In accordance with one embodiment of the present invention, the sheath is applied to the portion of the lung lobe having the leak or puncture while the jacket is in an expanded condition. This may be accomplished, as will be seen hereinafter, by expanding the jacket and then pulling the lung portion into the jacket. When the effected lung portion is thus disposed with respect to the sheath as illustrated in FIG. 4, the expansion of the device is released as seen, for example, in FIG. 5. With the expansion released, the sheath is permitted to contract or collapse about the lung portion to constrict the lung portion and effectively suppress the leak or puncture.

In accordance with a further embodiment, if the flexible sheath is nonexpandable, the lung tissue may be collapsed as it is pulled into the jacket. Once disposed in the sheath, the lung tissue will remain constricted by the sheath.

When the lung portion is thus constricted, the air leakage will be suppressed. The lung lobe 58 thereafter, during successive breaths, will reinflate and become functional once again to support respiration.

The use of the device 70 need not be restricted to the suppression of air leakages in lungs. It may, for example, find use to advantage in constricting a lung portion suffering from COPD to simulate or achieve lung volume reduction. All of the beneficial effects of lung volume reduction surgery may be realized and, most importantly, without requiring suturing of lung tissue.

FIGS. 6-11 illustrate a mechanical process for deploying the device 70. In an initial step, as illustrated in FIG. 6, the device 70 is first aligned with an expansion mandrel or form 80. The device 70 is then moved towards the form 80 as indicated by the arrow 76.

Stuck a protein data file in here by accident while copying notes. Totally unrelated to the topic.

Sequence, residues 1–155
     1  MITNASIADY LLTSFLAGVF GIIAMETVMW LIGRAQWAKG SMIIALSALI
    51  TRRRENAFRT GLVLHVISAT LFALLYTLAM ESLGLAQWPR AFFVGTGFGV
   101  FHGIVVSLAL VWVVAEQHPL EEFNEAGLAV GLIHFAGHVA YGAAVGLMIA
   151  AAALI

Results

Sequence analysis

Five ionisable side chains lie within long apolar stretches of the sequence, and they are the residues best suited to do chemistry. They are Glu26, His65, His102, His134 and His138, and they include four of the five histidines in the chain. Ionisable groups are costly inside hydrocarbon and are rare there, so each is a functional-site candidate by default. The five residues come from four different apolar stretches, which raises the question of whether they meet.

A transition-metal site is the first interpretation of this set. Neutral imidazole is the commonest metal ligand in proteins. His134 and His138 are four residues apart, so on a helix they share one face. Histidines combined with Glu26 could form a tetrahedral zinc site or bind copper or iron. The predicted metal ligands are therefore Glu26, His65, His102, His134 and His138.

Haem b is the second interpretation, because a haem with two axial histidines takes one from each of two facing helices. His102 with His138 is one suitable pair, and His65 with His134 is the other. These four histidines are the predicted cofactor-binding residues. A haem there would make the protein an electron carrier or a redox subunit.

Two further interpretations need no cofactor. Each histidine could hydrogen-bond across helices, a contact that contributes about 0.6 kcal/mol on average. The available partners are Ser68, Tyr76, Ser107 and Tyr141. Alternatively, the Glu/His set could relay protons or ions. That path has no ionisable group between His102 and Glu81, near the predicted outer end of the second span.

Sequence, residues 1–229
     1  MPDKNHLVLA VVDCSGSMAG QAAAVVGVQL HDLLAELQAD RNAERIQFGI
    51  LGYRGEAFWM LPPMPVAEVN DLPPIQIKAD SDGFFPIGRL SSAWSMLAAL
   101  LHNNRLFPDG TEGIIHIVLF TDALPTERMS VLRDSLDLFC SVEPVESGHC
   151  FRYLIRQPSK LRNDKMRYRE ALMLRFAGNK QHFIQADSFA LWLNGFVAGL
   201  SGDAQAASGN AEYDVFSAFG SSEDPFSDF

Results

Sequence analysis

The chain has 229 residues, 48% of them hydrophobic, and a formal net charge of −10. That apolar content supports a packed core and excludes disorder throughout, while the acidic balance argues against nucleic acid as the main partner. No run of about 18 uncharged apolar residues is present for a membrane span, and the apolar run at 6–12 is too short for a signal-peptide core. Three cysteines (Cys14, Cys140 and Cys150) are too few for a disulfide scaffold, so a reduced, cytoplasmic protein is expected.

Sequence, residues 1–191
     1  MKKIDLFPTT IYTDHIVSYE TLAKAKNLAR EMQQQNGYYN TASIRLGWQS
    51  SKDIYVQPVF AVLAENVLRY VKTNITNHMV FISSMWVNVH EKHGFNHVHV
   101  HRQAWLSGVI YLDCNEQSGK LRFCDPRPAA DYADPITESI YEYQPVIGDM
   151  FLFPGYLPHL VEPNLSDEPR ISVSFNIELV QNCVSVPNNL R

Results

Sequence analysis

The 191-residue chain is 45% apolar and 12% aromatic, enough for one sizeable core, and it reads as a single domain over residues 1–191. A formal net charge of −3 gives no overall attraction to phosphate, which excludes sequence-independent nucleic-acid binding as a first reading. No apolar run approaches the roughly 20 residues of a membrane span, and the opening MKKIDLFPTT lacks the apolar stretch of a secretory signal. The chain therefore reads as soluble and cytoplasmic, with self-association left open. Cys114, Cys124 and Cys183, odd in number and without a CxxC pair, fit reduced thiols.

In accordance with this embodiment, the form 80 is hollow, has opened ends 82 and 84 and has a configuration similar to that of the device 70. In addition, the form has a longitudinal slit 86 rendering the form expandable in a transverse direction. The form further includes tabs 88 and 90 which, when pressed towards each other, cause the form to expand in the transverse direction.

The device 70 is applied to the form 80 until the end 74 of the device 70 is at the end 84 of the form 80 as illustrated in FIG. 7. An atraumatic instrument, such as a forceps 92, is then aligned with the form 80 and moved relative thereto through the form in the direction of arrow 96 and into engagement with the lung tissue 58 as illustrated in FIG. 8.

The forceps 92 are then used to grab the lung tissue 58. Then, the tabs 88 and 90 of the form 80 are pressed toward each other to cause the form 80 to expand in a transverse direction. This may be noticed by the longitudinal slit 86 becoming noticeably wider. The expansion of the form 80 in the transverse direction imparts an expansion force on the device 70, causing it to similarly expand to an expanded condition. With the device 70 thus expanded, the forceps are then retracted as illustrated in FIG. 9 in the direction of arrow 98, to pull the lung tissue into the form 80 and device 70. Preferably, although not necessarily, the lung tissue is pulled until it extends entirely through the device 70.